|Publication number||US4933905 A|
|Application number||US 07/229,879|
|Publication date||Jun 12, 1990|
|Filing date||Aug 8, 1988|
|Priority date||Aug 13, 1987|
|Also published as||DE3868457D1, EP0303971A2, EP0303971A3, EP0303971B1|
|Publication number||07229879, 229879, US 4933905 A, US 4933905A, US-A-4933905, US4933905 A, US4933905A|
|Original Assignee||Kabushiki Kaisha Toshiba|
|Export Citation||BiBTeX, EndNote, RefMan|
|Patent Citations (11), Non-Patent Citations (6), Referenced by (8), Classifications (14), Legal Events (4)|
|External Links: USPTO, USPTO Assignment, Espacenet|
1. Field of the Invention
The present invention relates to a semiconductor device provided with a driver circuit for a bit-line load circuit used particularly in a static random access memory (SRAM).
2. Description of the Related Art
FIG. 1 is a circuit diagram of a memory cell and associated circuit in a prior art SRAM. The arrangement of FIG. 1 comprises a memory cell MC, a word line WL for selecting memory cell MC, a pair of bit lines BL and BL provided normal to word line WL for transmitting and receiving data to and from memory cell MC, a bit-line load circuit 30 coupled to bit lines BL and BL, N-channel MOS transistors TS1 and TS2 coupled to bit lines BL and BL adapted for selecting a column, and a pair of data write circuits 31 and 32 coupled to bit lines BL and BL via transistors TS1 and TS2.
Memory cell MC comprises a flip-flop circuit having a pair of N-channel MOS transistors T1 and T2 for data storage and a pair of high-resistance load elements R1 and R2, and a pair of transfer-gate N-channel MOS transistors T3 and T4 coupled between one of input/output nodes of the flip-flop circuit and bit line BL and between the other of input/output nodes of the flip-flop circuit and bit line BL. Bit-line load circuit 30 comprises a pair of N-channel MOS transistors T5 and T6 the drain and gate of each of which are supplied with a supply voltage VDD. Thus T5 and T6 are normally on. Each of data write circuits 31 and 32 is a complementary MOS (CMOS) inverter having a P-channel transistor Tp and an N-channel transistor Tn which are connected in series and whose gates are connected together. Output nodes of the CMOS inverters are coupled to bit lines BL and BL through the MOS transistor TS1 and TS2, respectively.
In the SRAM, to write a logical level "0" into the memory cell, data write circuits 31 and 32 are driven so that outputs din and din thereof may go to a low and a high level, respectively. Further, column select transistors TS1 and TS2 are switched ON by a column decoder output CD, and word line WL is raised to a high level by a word select signal. As a result, bit lines BL and BL go to sufficiently low and high levels, respectively, and the drains of transistors T1 and T2 in memory cell MC go to low and high levels, respectively. In this case, as shown, a direct current Iw flows through a path extending from bit-line load circuit 30, through bit line BL and column select transistor TS1, to data write circuit 31 during a write operation period. The direct current Iw is about 1˜1.5 mA per column. For example, in an SRAM of 8 bits per word in which 8 columns are selected at the same time, the currents flowing through selected columns will amount to 8˜12 mA. At this time, a direct current IR will also flow through a nonselected column, IR flows from bit-line load circuit 30, bit line BL and transistors T3 and T1, which approximately equals the direct current IW flowing through a selected column during a read operation. Through all the nonselected columns in the SRAM, currents will flow which approximately equal the currents flowing through the selected columns during a write operation. These form a principal cause of the power dissipation during a write operation in SRAMs.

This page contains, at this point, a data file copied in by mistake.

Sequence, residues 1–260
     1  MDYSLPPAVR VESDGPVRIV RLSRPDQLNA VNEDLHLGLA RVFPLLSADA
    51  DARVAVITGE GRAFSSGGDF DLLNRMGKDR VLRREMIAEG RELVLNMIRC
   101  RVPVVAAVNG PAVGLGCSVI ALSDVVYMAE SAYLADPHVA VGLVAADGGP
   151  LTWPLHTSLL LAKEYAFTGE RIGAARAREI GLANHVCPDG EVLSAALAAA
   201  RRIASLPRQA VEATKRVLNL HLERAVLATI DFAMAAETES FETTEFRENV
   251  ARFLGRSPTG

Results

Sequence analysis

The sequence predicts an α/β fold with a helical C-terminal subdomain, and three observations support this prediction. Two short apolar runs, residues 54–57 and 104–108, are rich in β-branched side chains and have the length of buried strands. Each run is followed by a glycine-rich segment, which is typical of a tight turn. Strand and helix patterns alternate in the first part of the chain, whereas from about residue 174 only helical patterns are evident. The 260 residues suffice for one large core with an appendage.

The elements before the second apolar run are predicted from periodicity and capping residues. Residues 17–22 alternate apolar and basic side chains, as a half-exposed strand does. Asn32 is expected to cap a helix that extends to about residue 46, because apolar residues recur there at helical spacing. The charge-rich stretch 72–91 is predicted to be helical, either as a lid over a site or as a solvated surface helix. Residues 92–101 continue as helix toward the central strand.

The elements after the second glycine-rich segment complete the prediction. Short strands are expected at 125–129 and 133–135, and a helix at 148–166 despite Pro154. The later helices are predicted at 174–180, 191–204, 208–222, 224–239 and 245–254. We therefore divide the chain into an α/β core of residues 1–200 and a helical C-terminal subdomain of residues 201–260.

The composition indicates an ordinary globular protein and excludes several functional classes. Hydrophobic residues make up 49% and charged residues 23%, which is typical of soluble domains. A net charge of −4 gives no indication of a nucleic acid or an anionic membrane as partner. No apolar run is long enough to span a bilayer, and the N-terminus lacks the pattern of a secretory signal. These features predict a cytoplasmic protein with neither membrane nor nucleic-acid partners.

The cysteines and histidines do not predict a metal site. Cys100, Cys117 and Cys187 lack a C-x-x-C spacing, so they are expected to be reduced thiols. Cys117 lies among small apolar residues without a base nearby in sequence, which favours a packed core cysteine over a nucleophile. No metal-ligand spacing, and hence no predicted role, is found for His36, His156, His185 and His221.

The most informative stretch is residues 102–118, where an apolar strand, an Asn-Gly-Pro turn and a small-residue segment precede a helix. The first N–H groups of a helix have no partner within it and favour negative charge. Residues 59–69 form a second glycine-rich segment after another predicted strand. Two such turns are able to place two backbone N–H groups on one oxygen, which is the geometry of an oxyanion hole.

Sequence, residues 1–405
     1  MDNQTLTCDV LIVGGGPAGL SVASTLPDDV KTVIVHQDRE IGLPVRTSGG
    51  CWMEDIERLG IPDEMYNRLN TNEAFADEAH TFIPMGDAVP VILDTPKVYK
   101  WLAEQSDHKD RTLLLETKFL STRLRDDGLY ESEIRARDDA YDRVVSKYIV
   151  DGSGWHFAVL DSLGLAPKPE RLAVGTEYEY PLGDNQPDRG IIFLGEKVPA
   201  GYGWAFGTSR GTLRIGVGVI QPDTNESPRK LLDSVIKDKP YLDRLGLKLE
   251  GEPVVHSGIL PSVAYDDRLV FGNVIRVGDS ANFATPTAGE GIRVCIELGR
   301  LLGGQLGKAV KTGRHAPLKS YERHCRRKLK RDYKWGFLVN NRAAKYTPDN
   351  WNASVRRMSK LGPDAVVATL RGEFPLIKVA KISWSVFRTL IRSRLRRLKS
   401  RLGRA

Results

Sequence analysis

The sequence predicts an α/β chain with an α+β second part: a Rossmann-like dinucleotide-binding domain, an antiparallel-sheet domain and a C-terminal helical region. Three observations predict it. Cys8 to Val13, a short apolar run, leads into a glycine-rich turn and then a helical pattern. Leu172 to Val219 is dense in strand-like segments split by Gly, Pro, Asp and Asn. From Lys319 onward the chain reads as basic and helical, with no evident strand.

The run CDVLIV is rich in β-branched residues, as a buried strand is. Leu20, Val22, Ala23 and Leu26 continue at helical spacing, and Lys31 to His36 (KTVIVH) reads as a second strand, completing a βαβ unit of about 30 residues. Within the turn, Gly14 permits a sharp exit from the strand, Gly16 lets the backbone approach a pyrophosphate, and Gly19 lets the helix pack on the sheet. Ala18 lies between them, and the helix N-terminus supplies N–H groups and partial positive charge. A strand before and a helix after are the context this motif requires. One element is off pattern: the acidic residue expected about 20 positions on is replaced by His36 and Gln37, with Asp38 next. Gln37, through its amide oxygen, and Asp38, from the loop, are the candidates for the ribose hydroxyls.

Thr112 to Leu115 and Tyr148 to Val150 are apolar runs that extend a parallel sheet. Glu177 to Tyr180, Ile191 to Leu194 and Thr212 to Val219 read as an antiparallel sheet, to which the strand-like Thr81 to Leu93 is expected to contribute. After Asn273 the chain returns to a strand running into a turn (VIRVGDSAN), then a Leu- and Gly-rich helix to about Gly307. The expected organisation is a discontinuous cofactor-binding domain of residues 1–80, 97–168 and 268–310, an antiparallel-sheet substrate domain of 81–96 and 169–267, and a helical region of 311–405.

It is an object of the present invention to provide a semiconductor memory device which is capable of lowering power dissipation in selected columns during a write operation without hindrance to the write operation.
The present invention is made by noticing that, in order to perform the above-described operation for writing into a memory cell, the bit-line load circuit need not necessarily be enabled, and on the contrary the enabling the load circuit will increase the current dissipation.